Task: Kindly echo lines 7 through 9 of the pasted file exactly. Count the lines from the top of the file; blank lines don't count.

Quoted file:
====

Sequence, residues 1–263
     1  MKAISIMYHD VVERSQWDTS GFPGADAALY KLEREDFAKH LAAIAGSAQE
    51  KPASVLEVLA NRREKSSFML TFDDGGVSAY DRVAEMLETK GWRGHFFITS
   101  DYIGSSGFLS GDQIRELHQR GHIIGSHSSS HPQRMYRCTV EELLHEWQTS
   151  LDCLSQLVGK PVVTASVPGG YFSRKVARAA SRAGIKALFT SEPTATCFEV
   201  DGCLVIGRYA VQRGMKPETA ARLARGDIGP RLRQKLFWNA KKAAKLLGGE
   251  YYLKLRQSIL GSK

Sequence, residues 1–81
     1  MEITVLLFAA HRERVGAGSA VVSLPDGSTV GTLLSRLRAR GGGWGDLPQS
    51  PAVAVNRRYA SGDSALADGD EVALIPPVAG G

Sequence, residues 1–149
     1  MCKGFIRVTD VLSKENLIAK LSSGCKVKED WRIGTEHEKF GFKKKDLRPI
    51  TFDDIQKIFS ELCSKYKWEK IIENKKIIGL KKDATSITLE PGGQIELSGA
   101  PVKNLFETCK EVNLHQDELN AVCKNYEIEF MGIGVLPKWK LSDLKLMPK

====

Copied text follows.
   251  YYLKLRQSIL GSK

Sequence, residues 1–81
     1  MEITVLLFAA HRERVGAGSA VVSLPDGSTV GTLLSRLRAR GGGWGDLPQS